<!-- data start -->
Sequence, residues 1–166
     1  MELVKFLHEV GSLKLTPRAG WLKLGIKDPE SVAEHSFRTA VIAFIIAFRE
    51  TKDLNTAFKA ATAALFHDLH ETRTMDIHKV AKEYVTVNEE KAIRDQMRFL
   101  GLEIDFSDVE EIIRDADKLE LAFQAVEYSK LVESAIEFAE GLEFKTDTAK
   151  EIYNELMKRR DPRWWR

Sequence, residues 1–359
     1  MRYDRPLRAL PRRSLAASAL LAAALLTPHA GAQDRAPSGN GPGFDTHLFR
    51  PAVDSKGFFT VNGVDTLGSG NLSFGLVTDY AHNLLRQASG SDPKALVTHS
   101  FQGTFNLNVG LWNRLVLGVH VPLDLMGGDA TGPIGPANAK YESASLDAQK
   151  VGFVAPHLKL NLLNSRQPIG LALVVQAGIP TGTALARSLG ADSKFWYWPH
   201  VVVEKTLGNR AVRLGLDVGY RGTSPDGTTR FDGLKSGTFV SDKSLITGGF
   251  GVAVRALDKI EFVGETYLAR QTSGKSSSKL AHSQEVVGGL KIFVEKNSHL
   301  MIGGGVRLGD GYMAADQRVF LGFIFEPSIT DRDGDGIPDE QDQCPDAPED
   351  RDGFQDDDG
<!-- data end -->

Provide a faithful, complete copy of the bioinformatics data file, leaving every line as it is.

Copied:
Sequence, residues 1–166
     1  MELVKFLHEV GSLKLTPRAG WLKLGIKDPE SVAEHSFRTA VIAFIIAFRE
    51  TKDLNTAFKA ATAALFHDLH ETRTMDIHKV AKEYVTVNEE KAIRDQMRFL
   101  GLEIDFSDVE EIIRDADKLE LAFQAVEYSK LVESAIEFAE GLEFKTDTAK
   151  EIYNELMKRR DPRWWR

Sequence, residues 1–359
     1  MRYDRPLRAL PRRSLAASAL LAAALLTPHA GAQDRAPSGN GPGFDTHLFR
    51  PAVDSKGFFT VNGVDTLGSG NLSFGLVTDY AHNLLRQASG SDPKALVTHS
   101  FQGTFNLNVG LWNRLVLGVH VPLDLMGGDA TGPIGPANAK YESASLDAQK
   151  VGFVAPHLKL NLLNSRQPIG LALVVQAGIP TGTALARSLG ADSKFWYWPH
   201  VVVEKTLGNR AVRLGLDVGY RGTSPDGTTR FDGLKSGTFV SDKSLITGGF
   251  GVAVRALDKI EFVGETYLAR QTSGKSSSKL AHSQEVVGGL KIFVEKNSHL
   301  MIGGGVRLGD GYMAADQRVF LGFIFEPSIT DRDGDGIPDE QDQCPDAPED
   351  RDGFQDDDG